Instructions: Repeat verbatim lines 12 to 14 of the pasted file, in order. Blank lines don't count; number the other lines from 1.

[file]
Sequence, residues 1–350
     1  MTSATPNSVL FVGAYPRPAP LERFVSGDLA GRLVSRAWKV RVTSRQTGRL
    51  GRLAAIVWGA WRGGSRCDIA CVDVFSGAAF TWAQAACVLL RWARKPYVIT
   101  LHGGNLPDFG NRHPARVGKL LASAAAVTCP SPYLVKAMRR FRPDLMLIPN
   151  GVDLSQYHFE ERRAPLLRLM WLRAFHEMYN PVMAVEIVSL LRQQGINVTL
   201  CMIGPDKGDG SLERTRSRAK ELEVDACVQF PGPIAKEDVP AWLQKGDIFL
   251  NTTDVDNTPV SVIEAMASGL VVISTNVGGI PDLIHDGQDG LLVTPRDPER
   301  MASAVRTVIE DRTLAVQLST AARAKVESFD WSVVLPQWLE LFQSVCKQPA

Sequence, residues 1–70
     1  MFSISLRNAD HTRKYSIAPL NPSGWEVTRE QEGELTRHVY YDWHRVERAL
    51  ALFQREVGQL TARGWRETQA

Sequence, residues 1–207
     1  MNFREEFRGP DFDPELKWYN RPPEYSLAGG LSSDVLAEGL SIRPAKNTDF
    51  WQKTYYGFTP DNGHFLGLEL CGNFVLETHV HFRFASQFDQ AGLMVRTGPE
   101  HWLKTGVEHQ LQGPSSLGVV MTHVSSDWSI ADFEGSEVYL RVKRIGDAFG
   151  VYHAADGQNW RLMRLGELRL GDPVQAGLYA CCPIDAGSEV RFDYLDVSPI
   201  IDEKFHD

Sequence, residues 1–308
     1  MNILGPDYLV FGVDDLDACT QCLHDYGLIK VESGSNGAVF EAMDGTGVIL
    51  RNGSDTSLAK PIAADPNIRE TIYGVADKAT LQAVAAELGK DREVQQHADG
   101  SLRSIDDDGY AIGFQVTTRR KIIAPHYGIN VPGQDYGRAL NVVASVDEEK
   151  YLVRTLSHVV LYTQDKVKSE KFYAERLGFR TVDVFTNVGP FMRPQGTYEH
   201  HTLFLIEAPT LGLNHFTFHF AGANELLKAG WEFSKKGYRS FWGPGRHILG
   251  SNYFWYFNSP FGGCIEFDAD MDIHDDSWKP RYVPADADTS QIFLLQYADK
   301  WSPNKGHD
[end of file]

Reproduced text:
Sequence, residues 1–207
     1  MNFREEFRGP DFDPELKWYN RPPEYSLAGG LSSDVLAEGL SIRPAKNTDF
    51  WQKTYYGFTP DNGHFLGLEL CGNFVLETHV HFRFASQFDQ AGLMVRTGPE